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Opossum bones are probably not on your table, but they are on mine. You see, my child who is almost a man dug them up after we watched them decay, partially covered in the earth for nearly two years. Patience is a virtue, and I told him that I would not boil the bones in my house to remove the flesh and fur – been there, done that – it stinks the place up. So for Earth Day 2016 I share our bones with you.
What you might be wondering is why we watched the decay. You may think it is morbid. It’s not. It is a life lesson about the cycle of existence. As actor Francesca Annis has said, “The first thing that you have to accept is that decay sets in and there’s nothing you can do about it.” The sooner we accept that as individuals and as a species, the sooner we value the time we have on the planet, our relationship, our environment and our lives because the time becomes limited. Through the filter of time we can appreciate life and put it to its best use before our expiration date.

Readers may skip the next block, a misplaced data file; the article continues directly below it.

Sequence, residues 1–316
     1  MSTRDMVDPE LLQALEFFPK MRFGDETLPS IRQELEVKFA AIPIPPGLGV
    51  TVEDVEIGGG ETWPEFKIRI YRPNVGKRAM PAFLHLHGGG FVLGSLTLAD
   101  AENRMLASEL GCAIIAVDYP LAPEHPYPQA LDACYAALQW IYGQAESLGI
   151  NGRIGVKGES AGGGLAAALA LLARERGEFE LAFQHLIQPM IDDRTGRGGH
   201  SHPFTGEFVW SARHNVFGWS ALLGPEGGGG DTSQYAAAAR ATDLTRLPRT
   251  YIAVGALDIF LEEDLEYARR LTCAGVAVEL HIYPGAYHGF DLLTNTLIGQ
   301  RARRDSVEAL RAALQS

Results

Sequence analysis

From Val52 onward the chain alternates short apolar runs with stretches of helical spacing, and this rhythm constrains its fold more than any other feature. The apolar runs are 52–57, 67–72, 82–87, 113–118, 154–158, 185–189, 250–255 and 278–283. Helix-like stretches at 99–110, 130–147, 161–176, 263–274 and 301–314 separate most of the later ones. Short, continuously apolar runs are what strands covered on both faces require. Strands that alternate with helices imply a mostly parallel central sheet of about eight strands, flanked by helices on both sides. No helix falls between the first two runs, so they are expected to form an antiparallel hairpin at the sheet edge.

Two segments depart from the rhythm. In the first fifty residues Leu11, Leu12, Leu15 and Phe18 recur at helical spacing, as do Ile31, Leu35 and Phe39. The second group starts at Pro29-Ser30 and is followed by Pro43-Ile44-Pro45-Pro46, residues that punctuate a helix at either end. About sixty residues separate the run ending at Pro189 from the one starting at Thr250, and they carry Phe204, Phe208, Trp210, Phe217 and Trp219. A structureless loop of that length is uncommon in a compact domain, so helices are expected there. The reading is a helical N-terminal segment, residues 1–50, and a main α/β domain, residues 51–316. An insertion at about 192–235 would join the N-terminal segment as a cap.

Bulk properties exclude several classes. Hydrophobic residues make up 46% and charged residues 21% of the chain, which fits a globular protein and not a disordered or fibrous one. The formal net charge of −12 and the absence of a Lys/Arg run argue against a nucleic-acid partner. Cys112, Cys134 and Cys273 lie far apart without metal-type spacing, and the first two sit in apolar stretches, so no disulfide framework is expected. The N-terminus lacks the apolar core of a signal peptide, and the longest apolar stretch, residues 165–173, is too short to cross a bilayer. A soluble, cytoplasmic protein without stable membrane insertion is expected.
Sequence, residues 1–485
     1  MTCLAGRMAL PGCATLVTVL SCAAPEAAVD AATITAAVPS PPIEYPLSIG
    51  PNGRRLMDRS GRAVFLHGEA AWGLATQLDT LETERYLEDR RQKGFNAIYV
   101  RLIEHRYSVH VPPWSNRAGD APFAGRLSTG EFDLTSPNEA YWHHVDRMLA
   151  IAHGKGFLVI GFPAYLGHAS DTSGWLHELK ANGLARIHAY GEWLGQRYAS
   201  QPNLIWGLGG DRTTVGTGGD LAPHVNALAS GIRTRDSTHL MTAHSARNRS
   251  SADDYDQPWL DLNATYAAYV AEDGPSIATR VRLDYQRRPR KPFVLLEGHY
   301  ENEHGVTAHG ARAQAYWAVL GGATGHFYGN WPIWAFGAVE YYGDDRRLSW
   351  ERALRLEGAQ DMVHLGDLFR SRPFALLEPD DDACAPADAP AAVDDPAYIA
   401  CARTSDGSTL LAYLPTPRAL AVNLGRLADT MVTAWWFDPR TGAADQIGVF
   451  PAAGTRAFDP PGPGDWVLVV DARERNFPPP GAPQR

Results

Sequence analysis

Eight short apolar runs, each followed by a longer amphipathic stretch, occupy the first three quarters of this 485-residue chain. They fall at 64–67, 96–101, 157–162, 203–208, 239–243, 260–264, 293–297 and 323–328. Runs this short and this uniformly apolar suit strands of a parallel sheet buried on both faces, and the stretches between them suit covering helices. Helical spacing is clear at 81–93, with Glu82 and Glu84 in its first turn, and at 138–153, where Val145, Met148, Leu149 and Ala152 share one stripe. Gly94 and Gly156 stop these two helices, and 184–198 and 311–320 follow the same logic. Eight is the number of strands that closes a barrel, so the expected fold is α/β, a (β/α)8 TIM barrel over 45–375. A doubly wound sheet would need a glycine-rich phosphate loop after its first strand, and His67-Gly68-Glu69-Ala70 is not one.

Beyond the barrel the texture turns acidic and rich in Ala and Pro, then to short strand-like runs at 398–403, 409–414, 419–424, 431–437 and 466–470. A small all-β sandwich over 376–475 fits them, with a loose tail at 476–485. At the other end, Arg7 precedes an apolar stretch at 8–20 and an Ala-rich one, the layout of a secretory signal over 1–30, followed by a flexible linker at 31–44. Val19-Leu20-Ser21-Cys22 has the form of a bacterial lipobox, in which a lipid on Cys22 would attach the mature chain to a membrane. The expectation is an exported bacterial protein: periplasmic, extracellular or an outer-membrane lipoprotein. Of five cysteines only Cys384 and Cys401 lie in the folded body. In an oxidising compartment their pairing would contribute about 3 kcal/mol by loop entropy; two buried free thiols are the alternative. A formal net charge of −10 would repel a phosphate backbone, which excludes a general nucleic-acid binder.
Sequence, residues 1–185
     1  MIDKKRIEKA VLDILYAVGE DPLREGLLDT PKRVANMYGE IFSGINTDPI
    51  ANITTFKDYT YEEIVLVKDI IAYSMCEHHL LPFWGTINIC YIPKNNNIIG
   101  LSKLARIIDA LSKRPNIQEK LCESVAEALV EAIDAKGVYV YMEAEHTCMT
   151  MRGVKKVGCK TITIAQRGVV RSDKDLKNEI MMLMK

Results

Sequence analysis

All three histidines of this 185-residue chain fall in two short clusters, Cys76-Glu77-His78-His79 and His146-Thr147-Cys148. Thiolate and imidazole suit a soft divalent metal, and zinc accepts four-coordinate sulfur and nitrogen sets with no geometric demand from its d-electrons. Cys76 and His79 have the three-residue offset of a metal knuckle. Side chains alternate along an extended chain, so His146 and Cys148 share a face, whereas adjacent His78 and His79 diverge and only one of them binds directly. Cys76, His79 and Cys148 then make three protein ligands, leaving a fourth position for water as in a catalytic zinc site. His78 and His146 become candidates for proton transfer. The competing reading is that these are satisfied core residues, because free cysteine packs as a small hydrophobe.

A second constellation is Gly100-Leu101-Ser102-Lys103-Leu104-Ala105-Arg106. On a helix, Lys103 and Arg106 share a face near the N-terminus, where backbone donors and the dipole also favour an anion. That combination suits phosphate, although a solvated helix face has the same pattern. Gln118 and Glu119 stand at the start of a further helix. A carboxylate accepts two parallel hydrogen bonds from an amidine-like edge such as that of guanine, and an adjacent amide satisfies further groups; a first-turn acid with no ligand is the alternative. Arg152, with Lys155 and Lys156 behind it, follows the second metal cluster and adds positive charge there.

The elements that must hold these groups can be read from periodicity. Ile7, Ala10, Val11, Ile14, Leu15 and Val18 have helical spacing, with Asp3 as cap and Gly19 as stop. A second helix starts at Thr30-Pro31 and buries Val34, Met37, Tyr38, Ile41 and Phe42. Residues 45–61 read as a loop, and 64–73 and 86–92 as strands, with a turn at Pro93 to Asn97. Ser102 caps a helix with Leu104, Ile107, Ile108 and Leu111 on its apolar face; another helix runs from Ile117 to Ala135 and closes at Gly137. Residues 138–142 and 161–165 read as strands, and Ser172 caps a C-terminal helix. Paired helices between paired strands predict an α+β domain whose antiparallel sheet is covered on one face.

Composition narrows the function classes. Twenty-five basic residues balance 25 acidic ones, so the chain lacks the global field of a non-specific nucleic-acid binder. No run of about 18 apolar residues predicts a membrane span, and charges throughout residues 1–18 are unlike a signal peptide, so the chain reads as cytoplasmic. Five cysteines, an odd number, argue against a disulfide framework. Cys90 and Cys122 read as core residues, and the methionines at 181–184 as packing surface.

The opossum passed from its earthly joys at some point when it got stuck under a pile of wood. We found it one day while removing yard debris and my inquisitive young naturalist wanted to study the bones and sketch them. As I said, been there, done that and road kill whether on the property or on the side of the road has made it into my still life fodder and mixed media pieces more than once over the years. I told him to watch and wait, and let the earth do its magic. Then I promptly forgot about it until “the excavation”.
These are not the only animal skins, fur bits, antlers, snake sheddings, bones and bits that have made their way onto my tables over the years. Feathers, random teeth and a jaw I found under some lilacs that we believe are from a cat, a rabbit, small mouse bodies and even a chipmunk have been on display at some point. While we prefer the live animals that surround us, when the world sends us decay we study it just as we study life. We honor these things by letting them continue to live in our thoughts, our illustrations, paintings, our conversations. Often they make their way into small sacred spaces for a while like this jaw bone which if I recall correctly the dog dragged up from a deer. Memory is a strange and fluid thing and mine is not always spot on.